Self-sputtering far above the runaway threshold: an extraordinary metal ion generator

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When self-sputtering is driven far above the runaway threshold voltage, energetic electrons are made available to produce"excess plasma" far from the magnetron target. Ionization balance considerations show that the secondary electrons deliver the necessary energy to the"remote" zone. Thereby, such a system can be an extraordinarily prolific generator of useable metal ions. Contrary to other known sources, the ion current to a substrate can exceed the discharge current. For gasless self-sputtering of copper, the useable ion current scales exponentially with the discharge voltage.

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Andersson, Joakim & Anders, Andre December 16, 2008.

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When self-sputtering is driven far above the runaway threshold voltage, energetic electrons are made available to produce"excess plasma" far from the magnetron target. Ionization balance considerations show that the secondary electrons deliver the necessary energy to the"remote" zone. Thereby, such a system can be an extraordinarily prolific generator of useable metal ions. Contrary to other known sources, the ion current to a substrate can exceed the discharge current. For gasless self-sputtering of copper, the useable ion current scales exponentially with the discharge voltage.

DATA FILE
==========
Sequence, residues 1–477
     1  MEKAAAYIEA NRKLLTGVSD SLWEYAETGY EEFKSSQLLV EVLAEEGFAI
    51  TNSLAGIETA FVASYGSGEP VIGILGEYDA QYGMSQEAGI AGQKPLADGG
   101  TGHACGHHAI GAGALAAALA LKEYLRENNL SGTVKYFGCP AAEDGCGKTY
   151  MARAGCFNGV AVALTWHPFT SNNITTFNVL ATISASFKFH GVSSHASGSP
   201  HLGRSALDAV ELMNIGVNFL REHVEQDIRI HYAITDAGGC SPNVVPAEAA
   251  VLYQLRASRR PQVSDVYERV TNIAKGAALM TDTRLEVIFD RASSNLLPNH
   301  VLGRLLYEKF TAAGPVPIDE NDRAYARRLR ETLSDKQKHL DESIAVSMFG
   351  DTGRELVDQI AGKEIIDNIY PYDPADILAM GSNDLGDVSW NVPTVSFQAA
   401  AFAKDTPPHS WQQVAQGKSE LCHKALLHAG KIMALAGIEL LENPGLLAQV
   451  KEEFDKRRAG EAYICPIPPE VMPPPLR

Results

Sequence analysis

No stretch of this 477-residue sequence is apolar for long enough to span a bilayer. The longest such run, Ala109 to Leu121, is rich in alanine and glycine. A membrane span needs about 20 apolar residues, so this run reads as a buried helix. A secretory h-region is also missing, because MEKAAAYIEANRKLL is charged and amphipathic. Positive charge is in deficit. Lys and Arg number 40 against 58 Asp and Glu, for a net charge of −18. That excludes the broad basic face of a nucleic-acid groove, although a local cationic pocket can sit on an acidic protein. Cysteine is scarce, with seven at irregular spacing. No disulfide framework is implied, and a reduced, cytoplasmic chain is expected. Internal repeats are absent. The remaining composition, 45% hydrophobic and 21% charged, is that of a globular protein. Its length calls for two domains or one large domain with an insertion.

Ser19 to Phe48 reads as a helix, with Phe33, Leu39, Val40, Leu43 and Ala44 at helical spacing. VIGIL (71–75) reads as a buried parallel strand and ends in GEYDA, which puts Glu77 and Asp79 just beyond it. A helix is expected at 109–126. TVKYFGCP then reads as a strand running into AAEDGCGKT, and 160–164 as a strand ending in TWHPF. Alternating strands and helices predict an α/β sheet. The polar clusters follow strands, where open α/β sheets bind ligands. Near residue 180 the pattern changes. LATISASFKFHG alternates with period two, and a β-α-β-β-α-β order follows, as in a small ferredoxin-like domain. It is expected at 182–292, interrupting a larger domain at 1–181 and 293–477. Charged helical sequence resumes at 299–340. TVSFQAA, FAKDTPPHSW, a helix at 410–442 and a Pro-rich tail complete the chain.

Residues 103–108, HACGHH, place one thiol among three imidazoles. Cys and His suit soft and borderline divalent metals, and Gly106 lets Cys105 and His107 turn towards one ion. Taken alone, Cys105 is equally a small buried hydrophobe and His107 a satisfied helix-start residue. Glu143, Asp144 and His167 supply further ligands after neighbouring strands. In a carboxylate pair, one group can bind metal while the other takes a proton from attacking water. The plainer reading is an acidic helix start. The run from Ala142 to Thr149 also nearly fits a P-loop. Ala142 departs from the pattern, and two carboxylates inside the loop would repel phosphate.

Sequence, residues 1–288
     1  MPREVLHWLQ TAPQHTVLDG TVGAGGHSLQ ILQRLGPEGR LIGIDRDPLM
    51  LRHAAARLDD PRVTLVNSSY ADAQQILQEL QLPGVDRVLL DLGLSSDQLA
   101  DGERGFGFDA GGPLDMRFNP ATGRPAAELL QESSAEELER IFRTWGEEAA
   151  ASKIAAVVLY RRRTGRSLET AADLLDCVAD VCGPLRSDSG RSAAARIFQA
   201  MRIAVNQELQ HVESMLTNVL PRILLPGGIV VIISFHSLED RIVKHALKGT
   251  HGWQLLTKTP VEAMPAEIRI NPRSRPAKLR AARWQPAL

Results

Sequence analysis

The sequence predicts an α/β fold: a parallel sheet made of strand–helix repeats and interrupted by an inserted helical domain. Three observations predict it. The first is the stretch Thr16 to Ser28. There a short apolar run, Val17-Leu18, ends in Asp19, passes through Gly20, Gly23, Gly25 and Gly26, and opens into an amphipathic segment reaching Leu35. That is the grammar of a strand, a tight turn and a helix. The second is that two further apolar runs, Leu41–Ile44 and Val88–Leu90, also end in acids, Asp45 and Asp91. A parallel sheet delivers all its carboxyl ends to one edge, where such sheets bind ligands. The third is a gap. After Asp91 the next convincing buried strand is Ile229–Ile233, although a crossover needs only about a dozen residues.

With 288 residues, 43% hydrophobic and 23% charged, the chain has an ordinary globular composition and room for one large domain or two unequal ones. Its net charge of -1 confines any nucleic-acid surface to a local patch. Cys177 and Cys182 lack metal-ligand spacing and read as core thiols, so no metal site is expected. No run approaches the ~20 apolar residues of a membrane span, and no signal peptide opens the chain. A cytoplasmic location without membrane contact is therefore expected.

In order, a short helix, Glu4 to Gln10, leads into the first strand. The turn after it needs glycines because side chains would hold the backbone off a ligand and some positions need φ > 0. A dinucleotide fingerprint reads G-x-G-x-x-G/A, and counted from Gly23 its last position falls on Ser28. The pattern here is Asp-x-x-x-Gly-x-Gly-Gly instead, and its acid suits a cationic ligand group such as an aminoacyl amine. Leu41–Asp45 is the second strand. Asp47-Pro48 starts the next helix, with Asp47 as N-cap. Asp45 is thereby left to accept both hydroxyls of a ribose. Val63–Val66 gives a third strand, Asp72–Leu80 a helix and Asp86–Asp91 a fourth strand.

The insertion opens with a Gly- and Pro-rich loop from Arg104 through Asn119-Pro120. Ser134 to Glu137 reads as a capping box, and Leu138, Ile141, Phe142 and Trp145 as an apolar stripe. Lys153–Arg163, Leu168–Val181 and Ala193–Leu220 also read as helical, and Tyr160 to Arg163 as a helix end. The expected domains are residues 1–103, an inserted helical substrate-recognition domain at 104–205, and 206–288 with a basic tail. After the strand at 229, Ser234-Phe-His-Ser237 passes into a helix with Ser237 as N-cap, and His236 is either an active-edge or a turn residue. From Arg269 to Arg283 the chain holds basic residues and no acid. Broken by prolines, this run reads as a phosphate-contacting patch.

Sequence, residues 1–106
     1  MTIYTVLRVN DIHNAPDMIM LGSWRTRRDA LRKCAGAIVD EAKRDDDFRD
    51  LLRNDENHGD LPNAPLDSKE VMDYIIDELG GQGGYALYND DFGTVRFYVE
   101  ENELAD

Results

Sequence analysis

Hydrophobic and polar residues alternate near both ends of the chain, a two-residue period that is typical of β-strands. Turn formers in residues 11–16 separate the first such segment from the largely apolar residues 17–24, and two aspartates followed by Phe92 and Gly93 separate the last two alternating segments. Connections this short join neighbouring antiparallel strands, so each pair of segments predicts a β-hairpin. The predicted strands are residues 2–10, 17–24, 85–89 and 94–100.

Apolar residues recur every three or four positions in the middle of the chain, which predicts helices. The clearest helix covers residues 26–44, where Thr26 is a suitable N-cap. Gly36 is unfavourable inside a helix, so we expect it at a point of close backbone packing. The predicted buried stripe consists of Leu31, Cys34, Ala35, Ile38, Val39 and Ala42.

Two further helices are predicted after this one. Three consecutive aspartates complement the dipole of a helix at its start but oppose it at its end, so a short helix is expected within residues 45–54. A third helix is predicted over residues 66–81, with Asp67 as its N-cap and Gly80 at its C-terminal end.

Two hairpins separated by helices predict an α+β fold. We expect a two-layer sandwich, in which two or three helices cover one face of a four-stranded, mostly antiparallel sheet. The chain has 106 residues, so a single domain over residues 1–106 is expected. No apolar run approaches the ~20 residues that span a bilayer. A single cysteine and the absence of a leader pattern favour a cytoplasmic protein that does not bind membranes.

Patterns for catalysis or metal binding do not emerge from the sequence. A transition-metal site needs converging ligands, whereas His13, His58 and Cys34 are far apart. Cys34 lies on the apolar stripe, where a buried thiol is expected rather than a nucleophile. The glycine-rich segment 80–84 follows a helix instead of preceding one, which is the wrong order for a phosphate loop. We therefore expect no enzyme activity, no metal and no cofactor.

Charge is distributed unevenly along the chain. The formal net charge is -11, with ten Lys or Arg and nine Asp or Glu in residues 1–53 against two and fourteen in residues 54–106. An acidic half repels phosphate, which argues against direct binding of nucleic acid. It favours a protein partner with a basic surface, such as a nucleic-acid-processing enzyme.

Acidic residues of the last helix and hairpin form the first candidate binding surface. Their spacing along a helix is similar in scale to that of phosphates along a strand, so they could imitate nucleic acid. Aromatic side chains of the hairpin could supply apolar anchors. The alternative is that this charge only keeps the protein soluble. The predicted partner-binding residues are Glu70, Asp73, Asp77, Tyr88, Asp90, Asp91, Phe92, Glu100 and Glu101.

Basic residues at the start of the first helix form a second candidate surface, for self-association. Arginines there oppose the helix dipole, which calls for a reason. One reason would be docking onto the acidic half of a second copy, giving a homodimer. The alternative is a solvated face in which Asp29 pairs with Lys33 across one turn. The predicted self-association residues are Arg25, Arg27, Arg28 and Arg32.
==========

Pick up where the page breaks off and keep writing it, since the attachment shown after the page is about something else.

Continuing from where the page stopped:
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16

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  • Journal Name: Physical Review Letters; Journal Volume: 102; Related Information: Journal Publication Date: 2009

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  • Report No.: LBNL-1641E
  • Grant Number: DE-AC02-05CH11231
  • Office of Scientific & Technical Information Report Number: 950216
  • Archival Resource Key: ark:/67531/metadc927020

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Office of Scientific & Technical Information Technical Reports

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  • December 16, 2008

Added to The UNT Digital Library

  • Nov. 13, 2016, 7:26 p.m.

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  • Jan. 4, 2017, 3:26 p.m.

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Andersson, Joakim & Anders, Andre. Self-sputtering far above the runaway threshold: an extraordinary metal ion generator, article, December 16, 2008; Berkeley, California. (digital.library.unt.edu/ark:/67531/metadc927020/: accessed October 17, 2018), University of North Texas Libraries, Digital Library, digital.library.unt.edu; crediting UNT Libraries Government Documents Department.